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Brachytherapy. 2015 Mar-Apr;14(2):189-96. doi: 10.1016/j.brachy.2014.08.044. Epub 2014 Oct 7.

Dosimetric evaluation of clinical target volume in the postimplant analysis of low-dose-rate brachytherapy for prostate cancer.

Author information

1
Department of Radiation Oncology, Radiation Medicine Program, Princess Margaret Cancer Centre, Toronto, Ontario, Canada; Faculty of Medicine, University of Toronto, Toronto, Ontario, Canada.
2
Department of Radiation Oncology, Radiation Medicine Program, Princess Margaret Cancer Centre, Toronto, Ontario, Canada.
3
Department of Radiation Physics, Radiation Medicine Program, Princess Margaret Cancer Centre, Toronto, Ontario, Canada.
4
Department of Radiation Oncology, Radiation Medicine Program, Princess Margaret Cancer Centre, Toronto, Ontario, Canada; Faculty of Medicine, University of Toronto, Toronto, Ontario, Canada. Electronic address: saibish.elantholi@rmp.uhn.on.ca.

Abstract

PURPOSE:

Brachytherapy is an effective single treatment modality for low- and intermediate-risk prostate cancer. In this study, we defined a clinical target volume (CTV) and evaluated its dosimetry 1 month after the low-dose-rate brachytherapy procedure.

METHODS AND MATERIALS:

One hundred ninety-eight consecutive patients treated for prostate cancer by iodine-125 seed brachytherapy were assessed. Prostate dosimetry was stratified according to British Columbia Cancer Agency criteria, with good implants having both V100 (percentage of target volume that receives 100% of the prescribed dose) > 85% and D90 (percentage of the prescribed dose received by 90% of the target volume) > 90%, suboptimal implants with V100 of 75-85%, or D90 80-90%, whereas poor implants were defined as those with V100 < 75 or D90 < 80%. CTV dosimetry stratification was performed according to the same dose coverage criteria, albeit to the CTV.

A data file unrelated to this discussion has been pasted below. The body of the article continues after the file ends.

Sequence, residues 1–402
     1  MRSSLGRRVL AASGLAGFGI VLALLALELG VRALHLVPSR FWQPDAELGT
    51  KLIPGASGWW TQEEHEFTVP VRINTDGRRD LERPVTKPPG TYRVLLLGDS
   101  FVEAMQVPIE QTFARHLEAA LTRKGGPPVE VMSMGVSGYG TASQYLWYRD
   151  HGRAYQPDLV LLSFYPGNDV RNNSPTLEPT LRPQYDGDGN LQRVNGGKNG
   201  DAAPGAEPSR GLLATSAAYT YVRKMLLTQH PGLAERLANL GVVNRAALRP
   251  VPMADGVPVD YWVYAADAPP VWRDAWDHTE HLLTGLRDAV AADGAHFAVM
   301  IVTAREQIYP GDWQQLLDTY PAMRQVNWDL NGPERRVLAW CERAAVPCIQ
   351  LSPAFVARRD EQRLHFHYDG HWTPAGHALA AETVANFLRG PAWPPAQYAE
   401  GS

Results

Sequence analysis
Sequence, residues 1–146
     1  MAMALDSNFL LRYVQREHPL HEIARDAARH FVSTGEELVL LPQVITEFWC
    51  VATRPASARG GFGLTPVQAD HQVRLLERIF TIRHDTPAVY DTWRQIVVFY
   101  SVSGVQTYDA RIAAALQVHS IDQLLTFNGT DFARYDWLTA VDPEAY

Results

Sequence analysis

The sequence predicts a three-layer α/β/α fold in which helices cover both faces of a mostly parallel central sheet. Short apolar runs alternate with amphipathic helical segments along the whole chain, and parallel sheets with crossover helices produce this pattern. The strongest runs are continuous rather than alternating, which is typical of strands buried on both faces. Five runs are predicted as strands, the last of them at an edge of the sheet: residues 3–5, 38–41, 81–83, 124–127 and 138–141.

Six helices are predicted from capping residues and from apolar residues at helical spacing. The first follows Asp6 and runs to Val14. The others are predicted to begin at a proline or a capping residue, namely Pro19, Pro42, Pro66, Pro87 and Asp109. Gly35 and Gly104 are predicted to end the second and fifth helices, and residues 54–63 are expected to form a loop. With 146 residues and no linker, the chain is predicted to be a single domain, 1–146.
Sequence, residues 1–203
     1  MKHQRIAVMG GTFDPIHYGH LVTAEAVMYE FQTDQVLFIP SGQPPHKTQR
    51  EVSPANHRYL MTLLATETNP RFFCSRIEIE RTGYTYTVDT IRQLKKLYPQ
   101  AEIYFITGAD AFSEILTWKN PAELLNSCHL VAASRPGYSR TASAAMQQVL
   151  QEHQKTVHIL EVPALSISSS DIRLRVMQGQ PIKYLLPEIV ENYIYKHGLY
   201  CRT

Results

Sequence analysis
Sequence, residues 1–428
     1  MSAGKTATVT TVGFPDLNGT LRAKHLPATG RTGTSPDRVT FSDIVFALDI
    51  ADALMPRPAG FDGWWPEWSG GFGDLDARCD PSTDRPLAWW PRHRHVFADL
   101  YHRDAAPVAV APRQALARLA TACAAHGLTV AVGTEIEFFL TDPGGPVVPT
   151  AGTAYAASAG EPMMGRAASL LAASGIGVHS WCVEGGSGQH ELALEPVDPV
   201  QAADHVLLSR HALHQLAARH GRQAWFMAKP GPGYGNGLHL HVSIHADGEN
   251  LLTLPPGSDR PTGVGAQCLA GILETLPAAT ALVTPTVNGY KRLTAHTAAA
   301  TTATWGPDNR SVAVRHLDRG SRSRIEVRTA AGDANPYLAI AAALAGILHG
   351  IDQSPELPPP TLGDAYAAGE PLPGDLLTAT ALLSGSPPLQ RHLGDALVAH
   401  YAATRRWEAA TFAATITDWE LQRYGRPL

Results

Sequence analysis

RESULTS:

One hundred ninety-two patients (97%) had good prostate radiation coverage, whereas only 165 patients (83%) had good postimplant CTV dosimetry. Patients with suboptimal vs. good CTV dosimetry had prostate edema of 7.8 ± 0.2% vs. 0.2 ± 0.1%, respectively (p = 0.001).

CONCLUSIONS:

Prostate seed implants with optimal dosimetry to prostate may still have suboptimal D90 and V100 for the CTV, especially in the presence of postimplant edema. A consensus is needed for definition and evaluation of CTV in postimplant setting for low-dose-rate prostate brachytherapy.

KEYWORDS:

Cancer; Clinical target volume; Dosimetry; Prostate

PMID:
25301338
DOI:
10.1016/j.brachy.2014.08.044
[Indexed for MEDLINE]

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